Scientists have harnessed the tools needed to stage Earth’s most colorful light show, and they have brought the Aurora Borealis into a lab at NASA’s Langley Research Center in Hampton, Va.
Their simulation, generated by a device called Planeterrella, combines all of the necessary ingredients – a magnetic field, charged particles, and a sphere, to display a colorful reenactment of Earth’s Northern Lights.
“It recreates the atmosphere of the Earth at 80 km in altitude when an aurora is occurring. The aurora is created when particles, originally from the sun, precipitate into the atmosphere,” explained Guillaume Gronoff, a research scientist at NASA Langley who lead the creation of Planeterrella.
According to Gronoff, the Planeterrella machine is a spinoff of an experiment from the 19th century called the Terrella, which first demonstrated the glowing result of electrically charged particles mixing with a magnetic field. Gronoff and his team upgraded the old experiment by adding several spheres, which allows them to recreate the auroral ovals that occur on Earth and several other planets.
“For example, we can show the reaction when Io, the satellite of Jupiter, sends particles to Jupiter. We can also simulate the aurora at Neptune and Uranus, when their magnetic fields are directly pointing towards the sun,” said Gronoff.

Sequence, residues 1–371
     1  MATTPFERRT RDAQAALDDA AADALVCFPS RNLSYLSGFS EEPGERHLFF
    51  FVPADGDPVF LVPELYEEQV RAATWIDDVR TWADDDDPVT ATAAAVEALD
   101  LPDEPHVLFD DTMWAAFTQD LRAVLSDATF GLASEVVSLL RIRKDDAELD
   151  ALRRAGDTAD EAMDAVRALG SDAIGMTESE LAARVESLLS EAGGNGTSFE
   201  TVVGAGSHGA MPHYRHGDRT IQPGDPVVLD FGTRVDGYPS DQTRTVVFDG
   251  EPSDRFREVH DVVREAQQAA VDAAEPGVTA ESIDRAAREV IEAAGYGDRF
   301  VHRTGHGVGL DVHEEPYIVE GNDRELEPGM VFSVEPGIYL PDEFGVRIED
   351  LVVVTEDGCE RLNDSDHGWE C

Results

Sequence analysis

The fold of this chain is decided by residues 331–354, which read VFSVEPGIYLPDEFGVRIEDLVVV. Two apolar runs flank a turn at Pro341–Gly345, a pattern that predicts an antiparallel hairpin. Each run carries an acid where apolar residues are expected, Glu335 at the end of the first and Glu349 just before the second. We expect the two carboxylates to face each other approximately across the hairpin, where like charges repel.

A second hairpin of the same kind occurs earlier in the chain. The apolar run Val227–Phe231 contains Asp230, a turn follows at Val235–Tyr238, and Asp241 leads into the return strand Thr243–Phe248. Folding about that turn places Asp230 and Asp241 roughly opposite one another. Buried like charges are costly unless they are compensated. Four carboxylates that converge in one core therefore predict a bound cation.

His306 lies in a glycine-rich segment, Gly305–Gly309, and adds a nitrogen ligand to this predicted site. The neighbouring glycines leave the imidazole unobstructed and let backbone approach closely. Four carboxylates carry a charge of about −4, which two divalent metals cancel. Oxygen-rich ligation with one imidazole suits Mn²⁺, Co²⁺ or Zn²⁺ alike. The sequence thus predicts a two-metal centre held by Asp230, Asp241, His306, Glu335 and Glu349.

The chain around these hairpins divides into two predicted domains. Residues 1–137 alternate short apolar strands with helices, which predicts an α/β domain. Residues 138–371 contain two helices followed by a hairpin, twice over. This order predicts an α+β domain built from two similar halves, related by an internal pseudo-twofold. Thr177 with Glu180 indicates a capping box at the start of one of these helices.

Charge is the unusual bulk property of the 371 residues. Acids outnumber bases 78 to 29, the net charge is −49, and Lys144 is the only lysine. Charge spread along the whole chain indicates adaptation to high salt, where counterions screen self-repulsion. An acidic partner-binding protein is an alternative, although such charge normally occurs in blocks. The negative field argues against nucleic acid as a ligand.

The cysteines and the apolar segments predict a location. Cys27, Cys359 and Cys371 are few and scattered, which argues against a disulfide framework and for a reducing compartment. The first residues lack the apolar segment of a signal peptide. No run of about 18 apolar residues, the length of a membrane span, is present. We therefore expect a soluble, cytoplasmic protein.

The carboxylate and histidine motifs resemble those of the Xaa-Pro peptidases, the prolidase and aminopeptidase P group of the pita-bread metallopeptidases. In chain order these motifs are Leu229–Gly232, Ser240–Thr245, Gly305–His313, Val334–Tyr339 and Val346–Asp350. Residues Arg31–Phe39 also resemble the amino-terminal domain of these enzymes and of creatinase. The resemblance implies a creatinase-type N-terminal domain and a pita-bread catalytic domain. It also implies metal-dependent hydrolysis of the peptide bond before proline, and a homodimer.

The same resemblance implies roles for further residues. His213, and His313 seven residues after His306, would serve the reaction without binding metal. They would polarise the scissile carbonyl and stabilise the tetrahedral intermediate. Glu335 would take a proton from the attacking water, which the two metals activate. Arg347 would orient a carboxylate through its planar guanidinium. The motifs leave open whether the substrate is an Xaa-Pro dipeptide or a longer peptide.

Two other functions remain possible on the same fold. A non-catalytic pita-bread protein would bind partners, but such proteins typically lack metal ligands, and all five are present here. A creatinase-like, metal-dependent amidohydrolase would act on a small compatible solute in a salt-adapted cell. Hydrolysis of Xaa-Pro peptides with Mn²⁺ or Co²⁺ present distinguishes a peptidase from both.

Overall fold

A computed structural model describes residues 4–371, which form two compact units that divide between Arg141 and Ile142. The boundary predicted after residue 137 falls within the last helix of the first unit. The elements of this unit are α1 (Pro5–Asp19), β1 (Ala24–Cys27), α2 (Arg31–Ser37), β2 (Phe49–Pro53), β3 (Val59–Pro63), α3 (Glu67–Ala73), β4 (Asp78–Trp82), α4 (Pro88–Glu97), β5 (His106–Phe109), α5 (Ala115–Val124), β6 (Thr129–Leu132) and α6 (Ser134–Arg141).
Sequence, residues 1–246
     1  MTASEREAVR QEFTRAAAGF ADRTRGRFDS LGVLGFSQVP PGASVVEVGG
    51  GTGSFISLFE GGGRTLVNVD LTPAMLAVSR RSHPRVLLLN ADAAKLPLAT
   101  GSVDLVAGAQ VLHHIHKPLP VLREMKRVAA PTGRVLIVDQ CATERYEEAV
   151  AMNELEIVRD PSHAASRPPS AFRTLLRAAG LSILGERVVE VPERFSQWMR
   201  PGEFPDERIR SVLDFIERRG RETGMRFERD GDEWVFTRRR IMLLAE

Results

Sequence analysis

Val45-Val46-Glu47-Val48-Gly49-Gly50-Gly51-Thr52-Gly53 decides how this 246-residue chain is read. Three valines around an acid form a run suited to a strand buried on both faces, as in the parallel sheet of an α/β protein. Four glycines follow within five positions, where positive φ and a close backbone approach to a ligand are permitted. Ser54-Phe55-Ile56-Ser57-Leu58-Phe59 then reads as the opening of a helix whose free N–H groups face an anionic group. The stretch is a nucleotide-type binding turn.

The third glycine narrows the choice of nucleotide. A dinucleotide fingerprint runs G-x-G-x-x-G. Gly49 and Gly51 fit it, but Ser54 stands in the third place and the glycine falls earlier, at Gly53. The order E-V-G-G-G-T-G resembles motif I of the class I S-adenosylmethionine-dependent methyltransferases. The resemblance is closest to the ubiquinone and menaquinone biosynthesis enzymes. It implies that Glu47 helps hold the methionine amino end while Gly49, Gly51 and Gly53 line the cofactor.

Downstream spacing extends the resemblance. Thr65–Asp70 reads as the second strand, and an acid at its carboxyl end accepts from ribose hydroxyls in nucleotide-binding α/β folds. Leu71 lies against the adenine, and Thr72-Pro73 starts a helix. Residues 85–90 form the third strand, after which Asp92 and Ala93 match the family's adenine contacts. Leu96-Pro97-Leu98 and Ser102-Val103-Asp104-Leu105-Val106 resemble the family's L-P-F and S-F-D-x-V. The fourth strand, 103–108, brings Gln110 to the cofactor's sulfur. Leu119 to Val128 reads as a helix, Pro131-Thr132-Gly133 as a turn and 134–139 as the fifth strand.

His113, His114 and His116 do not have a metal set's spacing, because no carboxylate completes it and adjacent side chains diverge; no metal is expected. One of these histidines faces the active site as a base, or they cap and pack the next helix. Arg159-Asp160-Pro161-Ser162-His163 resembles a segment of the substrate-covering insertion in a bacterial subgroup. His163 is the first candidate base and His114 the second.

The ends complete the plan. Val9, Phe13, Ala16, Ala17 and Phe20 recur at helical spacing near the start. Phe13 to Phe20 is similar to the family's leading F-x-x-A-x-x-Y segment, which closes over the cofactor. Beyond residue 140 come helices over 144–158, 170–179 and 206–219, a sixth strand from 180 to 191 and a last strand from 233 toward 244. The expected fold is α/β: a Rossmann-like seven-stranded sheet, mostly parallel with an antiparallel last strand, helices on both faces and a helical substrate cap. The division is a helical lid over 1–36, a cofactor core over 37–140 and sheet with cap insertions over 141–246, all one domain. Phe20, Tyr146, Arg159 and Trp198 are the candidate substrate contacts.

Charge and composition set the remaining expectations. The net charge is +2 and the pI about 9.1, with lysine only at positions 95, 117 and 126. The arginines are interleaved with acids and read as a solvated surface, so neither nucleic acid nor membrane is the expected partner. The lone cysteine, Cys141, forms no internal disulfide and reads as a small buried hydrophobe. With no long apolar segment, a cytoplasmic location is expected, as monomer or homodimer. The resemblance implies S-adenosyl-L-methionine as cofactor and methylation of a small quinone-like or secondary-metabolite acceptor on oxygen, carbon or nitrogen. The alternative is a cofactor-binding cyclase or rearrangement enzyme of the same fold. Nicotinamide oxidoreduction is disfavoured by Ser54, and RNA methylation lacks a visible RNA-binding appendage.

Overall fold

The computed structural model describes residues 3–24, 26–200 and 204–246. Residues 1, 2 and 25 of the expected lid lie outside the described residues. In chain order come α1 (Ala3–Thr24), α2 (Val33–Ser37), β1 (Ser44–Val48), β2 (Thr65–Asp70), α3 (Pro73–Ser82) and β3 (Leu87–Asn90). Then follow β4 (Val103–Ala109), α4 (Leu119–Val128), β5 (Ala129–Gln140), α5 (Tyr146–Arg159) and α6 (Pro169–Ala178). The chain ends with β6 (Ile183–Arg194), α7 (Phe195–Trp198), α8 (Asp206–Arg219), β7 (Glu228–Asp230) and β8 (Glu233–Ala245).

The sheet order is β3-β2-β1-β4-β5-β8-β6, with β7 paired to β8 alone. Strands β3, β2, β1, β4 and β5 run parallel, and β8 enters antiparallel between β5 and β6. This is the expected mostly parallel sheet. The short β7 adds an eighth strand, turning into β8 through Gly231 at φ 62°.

There are approximately 10 other Planeterrella machines in Europe, and the first was created by Gronoff’s PhD advisor, Dr. Jean Lilensten, from the Centre national de la recherche scientifique (CNRS) and the Institut de Planetologie et d'Astrophysique de Grenoble (IPAG) in France.
The Planeterrella at Langley is among the first in the U.S., and its creation was made possible by a cooperation between the Virginia Air and Space Center (VASC), NASA Langley’s Science Directorate and the Research Opportunities in Space and Earth Sciences (ROSES) program.
Studying auroras and the relationship between the sun and the Earth is a key focus area of NASA’s Science Mission Directorate, but the Planeterrella machine is primarily used for demonstrating to others how each variable interacts to create an aurora.
“The Planeterrella allows us to create analogies with existing processes, like the aurora at Mars, which do not have a global magnetic field, but several localized magnetic fields, or Uranus and Neptune, when the magnetic fields of those planets point towards the Sun,” explained Gronoff.
Gronoff cautions that this experiment is only an illustration; more complex phenomena are occurring in the magnetospheres of planets. For example, there are various gases on each planet that can create different color effects within auroras. Gronoff is planning on incorporating this variable using a few extra magnets and some carbon dioxide to simulate the aurora at Mars.
The Planeterrella and its vibrant demonstration will be displayed at the VASC museum in a few months. A second machine will also be created to transport to local classrooms.
“The Planeterrella can help teach students about solar wind, how electrically charged particles follow the magnetic field and the exciting space missions NASA is launching to space to study these processes,” said Gronoff.